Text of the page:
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Finance experts are all about the numbers. From analysis to application, they have perfected the language of spreadsheets and endless streams of data. It's what makes them the best at their jobs and invaluable assets to their organizations. The problem? While finance experts understand the numbers they see, oftentimes others don’t. With a more collaborative workplace becoming the norm, it’s important that everyone involved in decision-making knows just what they’re looking at.
This is where storytelling comes into play. CFOs can use a narrative to help give their colleagues, investors, or clients some perspective—but many executives simply don’t know where to start. If you’re struggling with how to craft a compelling storyline out of numbers, here are a few tips to help you give your data more meaning to the people around you.
Tell the truth
The most powerful stories are genuine, and the ones CFOs tell about finances are no exception. “At its simplest, a story is a journey whose beginning and end you can see,” says Leigh Buchanan of Inc. Magazine. “But instead of choosing the most efficient or scenic route, you choose a route that will bring you and your audience to the destination changed.”
Telling the truth can create a lasting impression on your audience. Craft a narrative around something that your audience can connect with and rely on. Start with a story that moves you, and look for ways you can apply it to your subject. When your colleagues can directly relate to patterns in data, they’ll be more likely to treat it with the level of importance it deserves.
You don’t have to spin an elaborate tale to get attention. In fact, it may have the opposite effect. Simple, personal stories are often more relatable and ring true with the people you’re sharing them with. Create a deeper emotional connection with your audience by sharing the struggles and triumphs that your organization has been through.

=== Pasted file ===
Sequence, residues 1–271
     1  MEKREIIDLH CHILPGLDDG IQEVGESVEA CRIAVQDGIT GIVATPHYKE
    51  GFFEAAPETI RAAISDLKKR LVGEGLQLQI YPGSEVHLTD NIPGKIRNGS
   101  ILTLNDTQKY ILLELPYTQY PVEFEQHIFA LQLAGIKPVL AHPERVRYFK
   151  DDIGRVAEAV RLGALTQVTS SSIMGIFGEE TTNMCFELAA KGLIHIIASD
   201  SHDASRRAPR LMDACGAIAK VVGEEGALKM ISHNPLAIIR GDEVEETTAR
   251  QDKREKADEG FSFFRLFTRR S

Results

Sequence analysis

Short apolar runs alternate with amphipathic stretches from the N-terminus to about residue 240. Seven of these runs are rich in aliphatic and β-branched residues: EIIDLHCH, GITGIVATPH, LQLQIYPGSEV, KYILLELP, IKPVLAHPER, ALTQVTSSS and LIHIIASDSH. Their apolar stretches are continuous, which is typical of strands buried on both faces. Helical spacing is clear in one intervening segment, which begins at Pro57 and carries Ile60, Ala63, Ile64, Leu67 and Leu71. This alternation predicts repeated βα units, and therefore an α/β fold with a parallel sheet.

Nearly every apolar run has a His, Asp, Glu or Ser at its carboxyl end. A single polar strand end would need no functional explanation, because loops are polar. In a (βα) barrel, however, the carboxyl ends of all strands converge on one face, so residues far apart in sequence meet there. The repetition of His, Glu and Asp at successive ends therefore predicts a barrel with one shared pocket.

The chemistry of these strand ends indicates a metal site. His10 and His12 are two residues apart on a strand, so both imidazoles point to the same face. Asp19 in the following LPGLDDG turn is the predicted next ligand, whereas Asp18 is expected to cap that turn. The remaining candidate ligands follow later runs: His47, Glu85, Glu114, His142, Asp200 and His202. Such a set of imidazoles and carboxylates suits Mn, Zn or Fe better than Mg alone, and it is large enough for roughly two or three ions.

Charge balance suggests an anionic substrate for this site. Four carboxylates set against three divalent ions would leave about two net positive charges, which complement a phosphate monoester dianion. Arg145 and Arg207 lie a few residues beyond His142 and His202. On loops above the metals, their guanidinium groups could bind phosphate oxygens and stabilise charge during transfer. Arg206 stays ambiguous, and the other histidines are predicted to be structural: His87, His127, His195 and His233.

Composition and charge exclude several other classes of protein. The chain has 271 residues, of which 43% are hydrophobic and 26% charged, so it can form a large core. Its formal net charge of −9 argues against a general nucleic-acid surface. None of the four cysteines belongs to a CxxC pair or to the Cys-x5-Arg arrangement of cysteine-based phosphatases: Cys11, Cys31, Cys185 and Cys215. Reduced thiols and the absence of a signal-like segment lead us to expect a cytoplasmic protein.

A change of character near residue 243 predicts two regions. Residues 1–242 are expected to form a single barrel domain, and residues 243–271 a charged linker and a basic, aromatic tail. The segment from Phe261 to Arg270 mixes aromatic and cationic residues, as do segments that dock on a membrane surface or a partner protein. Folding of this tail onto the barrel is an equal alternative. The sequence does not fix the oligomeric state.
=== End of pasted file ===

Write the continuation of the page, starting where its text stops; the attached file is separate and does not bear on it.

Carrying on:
A positive emotional response can mean good things for business, says Neuroeconomist Paul Zaks. With the right story, you can build trust, increase understanding, and develop a spirit of empathy. The people who are listening to you will stay engaged and remember the points you made—long after a string of numbers has faded from memory.
Adjust your style for your audience
Everybody learns differently. Some people might respond to a verbal narrative, while others may connect best with a story through visual cues. Consider using a combination of verbal and visual techniques to get your point across to people who learn in different ways.
When it comes to numbers, the way you frame it can make a powerful impact on your audience. In an article for Entrepreneur, Future Technologies CEO Asha Saxena says that visualization may be the easiest way to tell a data story. Use quality tools that can export data directly, and represent it accurately. From pie charts to pictures that enhance your narrative, the right technology can give your audience the clues they need to piece together the data puzzle.
Keep telling stories—it’s worth it
Storytelling is a skill, but it’s one worth honing, especially around complicated topics that need an extra element of understanding. Organizations depend on the finance department to give them accurate information, but it doesn't mean anything to a CFO or data analyst without a story to fill in the gaps.
That’s your mission: communicate clearly and powerfully to bring everyone together. Developing your storytelling prowess will take time—but the rewards of open communication and collaboration is worth it.
Read this guide to get examples of how teams are implementing visualization today.
About the Author
Mike Rost is a key contributor to product strategy at Workiva and works with business leaders in the areas of financial reporting and compliance. With more than 25 years of experience assisting organizations using technology to optimize business processes, Mike has an extensive background in finance and accounting, corporate performance management, and GRC technology. Mike was a founding member of XBRL International with involvement in the XBRL initiative dating back to 1999. He has also been active in industry associations, including the Open Compliance and Ethics Group (OCEG) and the Institute of Internal Auditors (IIA). Mike has a bachelor's degree in economics and an MBA in marketing and finance from the University of Minnesota.